Friday, April 22, 2011

You mean I'm supposed to go live in rural africa for the next two years???!

Today is commonly seen as the most traumatic day in a Peace Corps Volunteer's life. I'm in no position to disagree with this statement, especially since a mere 15 hours ago, I was waking up in a hotel room with a toilet, shower, electricity, in a hotel with a pool. DO YOU UNDERSTAND THE SIGNIFICANCE OF A POOL IN UGANDA??? I live in a tropical country where I am legally permitted from swimming in any natural body of water! Because if I do set foot in any body of water, I will immediately get shisto (the second most prevalent tropical disease which includes the acquisition of a colony of snail eggs in your body)and have it forever. Having snails live forever in your body is neither pleasant nor convenient. Pools therefore become a small miracle. Swimming is great. Especially when it doesn't include tropical diseases.

Anyway. For the last 4 days us trainees were staying at a swank hotel in Kampala, sworn in at a swank embassy house, and now suddenly we are confronted with the reality of the next two years of our lives. DOn't get me wrong. We are excited. I am excited. It's just overwhelming. After the last week of relative luxury, good food, and company, we all woke up early this morning, blurry-eyed, and hurriedly packed our things into the bags and containers that somehow no longer fit them properly. Then, we all haphazardly somehow found a ride to our sites, whether it be crammed in the back of a matatu, on a public bus, or if we were lucky, in a private van/truck. I rode up with 3 other PCV's who are part of my PTC in the college truck, with all of our stuff perched precariously in the bed of the truck. The trip was a long one, but it was a good opportunity to stare at the landscape and think about what was happening, at least during the times when I didn't feel in mortal danger from the bewildering and terrifying antics of Ugandan drivers.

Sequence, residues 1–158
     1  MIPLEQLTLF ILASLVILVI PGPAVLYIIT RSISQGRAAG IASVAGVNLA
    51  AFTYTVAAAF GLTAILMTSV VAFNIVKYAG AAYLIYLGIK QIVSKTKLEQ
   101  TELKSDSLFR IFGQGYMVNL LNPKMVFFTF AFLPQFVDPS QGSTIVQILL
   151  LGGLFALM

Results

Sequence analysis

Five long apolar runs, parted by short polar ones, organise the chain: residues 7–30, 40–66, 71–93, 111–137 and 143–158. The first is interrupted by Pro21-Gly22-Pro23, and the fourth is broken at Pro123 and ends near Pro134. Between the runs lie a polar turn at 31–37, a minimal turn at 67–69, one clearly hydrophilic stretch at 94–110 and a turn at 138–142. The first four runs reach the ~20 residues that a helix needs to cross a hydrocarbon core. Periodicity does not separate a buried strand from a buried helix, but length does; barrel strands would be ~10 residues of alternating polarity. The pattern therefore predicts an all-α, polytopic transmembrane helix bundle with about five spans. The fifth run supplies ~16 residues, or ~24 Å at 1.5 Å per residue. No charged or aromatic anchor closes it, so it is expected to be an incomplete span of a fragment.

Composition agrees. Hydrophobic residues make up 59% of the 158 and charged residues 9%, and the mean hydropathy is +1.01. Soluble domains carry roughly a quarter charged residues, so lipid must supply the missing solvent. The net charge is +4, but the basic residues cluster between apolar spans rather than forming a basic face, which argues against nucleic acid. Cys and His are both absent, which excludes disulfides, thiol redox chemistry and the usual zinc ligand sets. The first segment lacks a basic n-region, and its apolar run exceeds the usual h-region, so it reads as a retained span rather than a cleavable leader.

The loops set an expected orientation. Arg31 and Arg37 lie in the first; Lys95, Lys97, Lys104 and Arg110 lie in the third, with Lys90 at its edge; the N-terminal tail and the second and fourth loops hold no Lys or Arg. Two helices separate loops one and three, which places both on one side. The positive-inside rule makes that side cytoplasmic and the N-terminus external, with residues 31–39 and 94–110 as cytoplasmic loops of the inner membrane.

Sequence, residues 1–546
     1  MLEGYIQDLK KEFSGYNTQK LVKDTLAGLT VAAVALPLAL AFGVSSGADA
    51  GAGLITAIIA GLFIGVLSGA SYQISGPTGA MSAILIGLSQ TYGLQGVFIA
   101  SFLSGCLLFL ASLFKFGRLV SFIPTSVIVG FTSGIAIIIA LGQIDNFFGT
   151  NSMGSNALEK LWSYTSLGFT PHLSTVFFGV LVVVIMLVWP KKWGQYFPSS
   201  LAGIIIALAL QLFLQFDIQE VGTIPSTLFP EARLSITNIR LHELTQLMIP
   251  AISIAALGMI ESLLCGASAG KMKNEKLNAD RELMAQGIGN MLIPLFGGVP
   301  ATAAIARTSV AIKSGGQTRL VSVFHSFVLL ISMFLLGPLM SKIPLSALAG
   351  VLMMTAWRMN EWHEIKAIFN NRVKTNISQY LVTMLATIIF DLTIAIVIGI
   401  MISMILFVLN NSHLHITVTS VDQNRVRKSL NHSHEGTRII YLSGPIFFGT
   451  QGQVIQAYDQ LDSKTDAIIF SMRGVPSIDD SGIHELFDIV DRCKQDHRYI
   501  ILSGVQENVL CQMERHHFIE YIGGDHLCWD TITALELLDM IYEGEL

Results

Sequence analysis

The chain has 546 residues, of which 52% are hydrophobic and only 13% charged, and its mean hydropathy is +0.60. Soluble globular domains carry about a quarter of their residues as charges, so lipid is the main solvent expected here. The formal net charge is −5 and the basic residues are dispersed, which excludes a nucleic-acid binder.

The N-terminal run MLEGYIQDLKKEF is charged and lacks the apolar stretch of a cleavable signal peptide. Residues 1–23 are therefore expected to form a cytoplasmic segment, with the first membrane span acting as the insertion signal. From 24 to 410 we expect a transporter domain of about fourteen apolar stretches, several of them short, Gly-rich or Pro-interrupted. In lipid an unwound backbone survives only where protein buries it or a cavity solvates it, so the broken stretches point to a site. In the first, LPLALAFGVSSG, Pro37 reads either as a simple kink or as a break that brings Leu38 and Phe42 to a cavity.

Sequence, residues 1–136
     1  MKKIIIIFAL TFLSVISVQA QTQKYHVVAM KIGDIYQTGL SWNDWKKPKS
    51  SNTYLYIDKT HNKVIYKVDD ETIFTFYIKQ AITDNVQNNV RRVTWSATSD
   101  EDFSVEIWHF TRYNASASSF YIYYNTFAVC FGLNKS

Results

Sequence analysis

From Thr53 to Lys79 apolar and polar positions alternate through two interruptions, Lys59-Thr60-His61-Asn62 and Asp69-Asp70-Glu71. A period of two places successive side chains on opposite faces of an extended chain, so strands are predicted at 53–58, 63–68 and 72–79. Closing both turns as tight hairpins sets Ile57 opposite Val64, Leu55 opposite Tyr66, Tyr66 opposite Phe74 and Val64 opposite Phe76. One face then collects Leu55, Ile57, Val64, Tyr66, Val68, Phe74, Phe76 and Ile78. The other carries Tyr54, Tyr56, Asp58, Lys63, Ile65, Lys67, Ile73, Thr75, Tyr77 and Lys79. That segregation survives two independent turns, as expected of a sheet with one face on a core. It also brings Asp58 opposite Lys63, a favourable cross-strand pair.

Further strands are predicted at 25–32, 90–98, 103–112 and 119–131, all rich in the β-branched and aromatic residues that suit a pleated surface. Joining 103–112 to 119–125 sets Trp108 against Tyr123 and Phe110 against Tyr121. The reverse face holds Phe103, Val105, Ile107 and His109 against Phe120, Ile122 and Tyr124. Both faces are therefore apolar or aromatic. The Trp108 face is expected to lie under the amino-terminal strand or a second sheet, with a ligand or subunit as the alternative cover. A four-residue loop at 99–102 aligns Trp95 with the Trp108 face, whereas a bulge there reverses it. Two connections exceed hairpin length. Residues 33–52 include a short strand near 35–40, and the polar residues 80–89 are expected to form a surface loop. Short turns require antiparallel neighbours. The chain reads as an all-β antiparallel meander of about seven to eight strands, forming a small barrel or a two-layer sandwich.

It's hard to know how to feel. Right now I am not even at my site yet; I am staying at the PTC in Arua Town with another PCV, and I will be taken to my site in the morning, hopefully after buying a bike in town. It feels like the calm before a storm, at least emotionally. My site is good for so many reasons, and I know this. In my mind, I have a mental list of all the advantages of where I live, but I also have a short list of concerns. My goals is to eliminate this short list from my mind. I need to infuse my life with positivity and flexibility these first few months, and also these two years, and I want to start by not letting the downfalls of any situation stand out more than the advantages.

It feels good to finally be a volunteer. I can feel this latent confidence starting to manifest itself, and I'm itching to start working. My first month is filled with workshops, trainings, and also just settling into my house and village. I'm planning on getting a PO box this week so that people can mail me directly here in Arua.

That's all for now. I will blog whenever I can, and I should have the time to, now.

I'll post pictures as soon as I can. I have internet now but I almost used it all up by uploading my pictures onto facebook, so check them out there if you want to see them.

Love and lions,
Ilse

ps saw a herd of elephants and a family of baboons on the way up north today!

Friday, April 8, 2011

My first experience in the bush